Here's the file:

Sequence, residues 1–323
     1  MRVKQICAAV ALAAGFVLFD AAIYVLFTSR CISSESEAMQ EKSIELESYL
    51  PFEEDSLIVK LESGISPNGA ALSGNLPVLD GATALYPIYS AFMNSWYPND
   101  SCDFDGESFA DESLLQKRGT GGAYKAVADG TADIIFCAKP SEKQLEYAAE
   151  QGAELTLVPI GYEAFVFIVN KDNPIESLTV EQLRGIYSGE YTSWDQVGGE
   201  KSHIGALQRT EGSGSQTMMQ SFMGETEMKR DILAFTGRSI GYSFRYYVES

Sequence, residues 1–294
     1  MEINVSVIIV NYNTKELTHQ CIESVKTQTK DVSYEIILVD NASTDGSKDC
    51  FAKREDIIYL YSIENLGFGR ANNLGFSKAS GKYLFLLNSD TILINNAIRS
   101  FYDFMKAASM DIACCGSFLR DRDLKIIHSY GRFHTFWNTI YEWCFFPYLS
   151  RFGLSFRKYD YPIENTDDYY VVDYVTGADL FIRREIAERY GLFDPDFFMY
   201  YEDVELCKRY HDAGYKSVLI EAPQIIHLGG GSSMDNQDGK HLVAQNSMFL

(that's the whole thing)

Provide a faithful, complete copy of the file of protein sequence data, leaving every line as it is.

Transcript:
Sequence, residues 1–323
     1  MRVKQICAAV ALAAGFVLFD AAIYVLFTSR CISSESEAMQ EKSIELESYL
    51  PFEEDSLIVK LESGISPNGA ALSGNLPVLD GATALYPIYS AFMNSWYPND
   101  SCDFDGESFA DESLLQKRGT GGAYKAVADG TADIIFCAKP SEKQLEYAAE
   151  QGAELTLVPI GYEAFVFIVN KDNPIESLTV EQLRGIYSGE YTSWDQVGGE
   201  KSHIGALQRT EGSGSQTMMQ SFMGETEMKR DILAFTGRSI GYSFRYYVES

Sequence, residues 1–294
     1  MEINVSVIIV NYNTKELTHQ CIESVKTQTK DVSYEIILVD NASTDGSKDC
    51  FAKREDIIYL YSIENLGFGR ANNLGFSKAS GKYLFLLNSD TILINNAIRS
   101  FYDFMKAASM DIACCGSFLR DRDLKIIHSY GRFHTFWNTI YEWCFFPYLS
   151  RFGLSFRKYD YPIENTDDYY VVDYVTGADL FIRREIAERY GLFDPDFFMY
   201  YEDVELCKRY HDAGYKSVLI EAPQIIHLGG GSSMDNQDGK HLVAQNSMFL